D.P. WESTFALL ET AL. intended to interrupt the blood supply to the tissue without producing denervation. For these experiments the deferential artery was ligated at a site close to the prostate gland. The artery was severed after ligation. With each of the three procedures, only one tissue was subjected to the surgical manipulation; the contralateral vas deferens remained intact and served as control. The animals were killed at 1, 2, 4 and 7 days after the surgery and the tissues prepared as described above. 2. 3. Pretreatment with 6-OHDA Rats received two injections of 6-OHDA hydrobromide via the dorsal vein of the penis. The first dose was 100 mg/kg; the second dose, administered 24 hr after the first was 250 mg/kg. This treatment schedule has been shown to produce an effective denervation of the rat vas deferens (Westfall and Fedan, 1975). The control tissues for these studies were obtained from animals which received saline injections. The endogenous norepinephrine and ATP concentrations of these tissues were determined at 1 and 7 days after the second injection of 6-OHDA.

3. Results 2. 2. Surgical procedures Tissues were subjected to two different surgical techniques for producing postganglionic denervation. The vasa deferentia of one group of rats were denervated by the m e t h o d of Birmingham (1970). This method involves stripping away the mesentery of the vas deferens leaving the tissue attached at only the epididymal and prostatic ends. The desheathing procedure removes the deferential artery. A second group of tissues was denervated by the method of Kasuya et al. (1969). This technique involves sectioning the postganglionic nerves emanating from the hypogastric plexus. Because this method does not require the desheathing of the tissue, the deferential artery remains intact. A third surgical procedure was

The effects of the three surgical procedures on the norepinephrine and ATP concentrations of the rat vas deferens are summarized in fig. 1. 24 hr after either denervation procedure, the norepinephrine concentration of the vas deferens was reduced by approximately 90% compared to the contralateral intact tissue. At subsequent days after denervation the norepinephrine concentrations were even less. The two denervation methods produced qualitatively similar changes in the ATP concentration of the vas deferens. There was an initial decrease followed by a gradual rise of ATP. However, quantitative differences existed between the two techniques in that denervation by the method of Kasuya et al. (1969) reduced the ATP concentration by 50% rather than by

ATP A F T E R D E N E R V A T I O N

399 B

IO0 -

~

f

8o

Z 0

6O

P-

40

U

f I

U a,t i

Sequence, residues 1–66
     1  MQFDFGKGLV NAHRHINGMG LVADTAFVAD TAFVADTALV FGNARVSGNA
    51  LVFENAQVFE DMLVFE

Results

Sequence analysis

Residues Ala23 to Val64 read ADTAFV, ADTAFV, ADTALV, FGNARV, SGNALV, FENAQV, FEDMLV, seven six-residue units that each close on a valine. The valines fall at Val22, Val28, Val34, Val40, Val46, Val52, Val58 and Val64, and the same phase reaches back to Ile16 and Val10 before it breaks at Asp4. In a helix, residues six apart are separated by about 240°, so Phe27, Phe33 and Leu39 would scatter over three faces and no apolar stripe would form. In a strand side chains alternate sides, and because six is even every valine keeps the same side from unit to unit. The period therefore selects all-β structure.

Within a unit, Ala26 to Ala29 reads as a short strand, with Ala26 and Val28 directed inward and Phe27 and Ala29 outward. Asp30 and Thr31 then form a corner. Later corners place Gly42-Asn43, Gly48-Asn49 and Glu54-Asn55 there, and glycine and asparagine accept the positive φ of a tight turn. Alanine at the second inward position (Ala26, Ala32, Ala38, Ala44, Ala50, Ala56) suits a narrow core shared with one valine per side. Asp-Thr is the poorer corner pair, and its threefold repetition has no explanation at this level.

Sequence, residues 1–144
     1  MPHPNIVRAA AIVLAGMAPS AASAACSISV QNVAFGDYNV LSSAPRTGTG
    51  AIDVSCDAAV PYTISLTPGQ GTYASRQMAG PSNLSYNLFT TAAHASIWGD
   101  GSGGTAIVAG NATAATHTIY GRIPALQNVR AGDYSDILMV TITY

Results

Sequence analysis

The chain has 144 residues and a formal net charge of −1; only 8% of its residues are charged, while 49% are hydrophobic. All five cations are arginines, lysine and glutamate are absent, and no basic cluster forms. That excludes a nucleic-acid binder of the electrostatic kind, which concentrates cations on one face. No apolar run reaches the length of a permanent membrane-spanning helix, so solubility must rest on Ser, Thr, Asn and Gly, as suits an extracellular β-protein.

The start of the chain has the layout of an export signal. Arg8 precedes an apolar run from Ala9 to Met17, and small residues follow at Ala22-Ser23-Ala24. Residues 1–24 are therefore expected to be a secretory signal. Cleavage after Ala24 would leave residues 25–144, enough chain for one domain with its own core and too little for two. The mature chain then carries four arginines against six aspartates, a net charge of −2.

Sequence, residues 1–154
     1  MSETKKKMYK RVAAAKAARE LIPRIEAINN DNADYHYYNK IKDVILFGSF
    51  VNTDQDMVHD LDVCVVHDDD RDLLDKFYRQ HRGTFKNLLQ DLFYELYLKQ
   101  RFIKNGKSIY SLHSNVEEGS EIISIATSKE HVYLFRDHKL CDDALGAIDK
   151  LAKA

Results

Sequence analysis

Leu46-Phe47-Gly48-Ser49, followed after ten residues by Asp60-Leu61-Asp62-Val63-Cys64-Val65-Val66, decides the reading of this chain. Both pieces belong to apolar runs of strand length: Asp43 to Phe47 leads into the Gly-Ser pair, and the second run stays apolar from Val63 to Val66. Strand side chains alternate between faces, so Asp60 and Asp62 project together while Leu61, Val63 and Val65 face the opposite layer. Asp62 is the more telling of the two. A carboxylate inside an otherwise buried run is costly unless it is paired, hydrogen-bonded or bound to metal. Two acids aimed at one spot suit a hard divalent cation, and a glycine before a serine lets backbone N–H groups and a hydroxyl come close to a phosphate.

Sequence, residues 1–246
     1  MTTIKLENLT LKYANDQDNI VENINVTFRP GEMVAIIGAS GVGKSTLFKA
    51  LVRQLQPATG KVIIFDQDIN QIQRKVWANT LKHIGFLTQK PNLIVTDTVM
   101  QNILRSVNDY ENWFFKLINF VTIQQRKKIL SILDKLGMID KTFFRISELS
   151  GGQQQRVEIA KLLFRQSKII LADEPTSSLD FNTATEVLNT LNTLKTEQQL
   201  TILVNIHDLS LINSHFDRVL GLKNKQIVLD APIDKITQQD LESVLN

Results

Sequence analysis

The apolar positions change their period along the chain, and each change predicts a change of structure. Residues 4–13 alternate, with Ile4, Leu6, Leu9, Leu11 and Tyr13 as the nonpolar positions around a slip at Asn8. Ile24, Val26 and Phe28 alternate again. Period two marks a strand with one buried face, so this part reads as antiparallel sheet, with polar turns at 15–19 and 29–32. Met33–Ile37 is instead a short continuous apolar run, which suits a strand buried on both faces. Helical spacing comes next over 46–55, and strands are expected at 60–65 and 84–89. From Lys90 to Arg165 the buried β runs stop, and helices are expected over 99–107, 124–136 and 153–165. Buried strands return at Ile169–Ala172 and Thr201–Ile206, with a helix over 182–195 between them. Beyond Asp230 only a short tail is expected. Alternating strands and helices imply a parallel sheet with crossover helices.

L

I

20

I

~...

.....

NE

I

1 I

I

I

I

I

I

1

I

I

I

1

I

4

7

I

2

4

7

!

2

4

7

2

DEN (BIRMINGHAM)

DAYS AFTER: ARTERY LIGATION

DEN (KASUYA et.al. )

Fig. 1. The norepinephrine (NE) and ATP c o n c e n t r a t i o n (as percent of control) at 1, 2, 4 and 7 days after various surgical procedures. The mean NE and ATP concentrations of all controls were 12.7 _+ 0.2 pg/g wet weight and 2.7 _+ 0.06 pM/g wet weight respectively (n = 92). A, Denervation by the m e t h o d of Birmingham (1970). Each p o i n t represents the mean o f 8--16 experiments. B, Ligation of the deferential artery. Each p o i n t represents the mean of 4 experiments. C, Denervation by the m e t h o d of Kasuya et al. (1969). Each p o i n t represents the m e a n of 5--8 experiments. Vertical bars represent standard errors.

80% 1 day after surgery. Ligation of the deferential artery resulted in a 25% decrease in the ATP concentration of the vas deferens. 2 days after artery ligation the ATP concentration was somewhat higher than after one day, but remained significantly less than control. At 4 and 7 days after ligation the ATP concentrations were not significantly different from control. Ligation of the deferential artery also resulted in a 50% decrease in the norepinephrine concentration of the tissue. This loss of norepinephrine persisted for at least seven days after the surgery. Pretreatment of rats with 6-OHDA resulted in a substantial loss of norepinephrine from the vas deferens. At 1 and 7 days after the second injection of 6-OHDA the norepinephrine concentrations were 3.1 + 0.3% (n = 8) and 12.0 + 0.9% (n = 8) of control respectively. These tissues also exhibited a statistically significant reduction in ATP concentration. At 1 and 7 days after 6-OHDA the concentrations of ATP were 69.0 -+ 6.7 and 85.3 + 4.2% of the values obtained in tissues from saline-treated animals.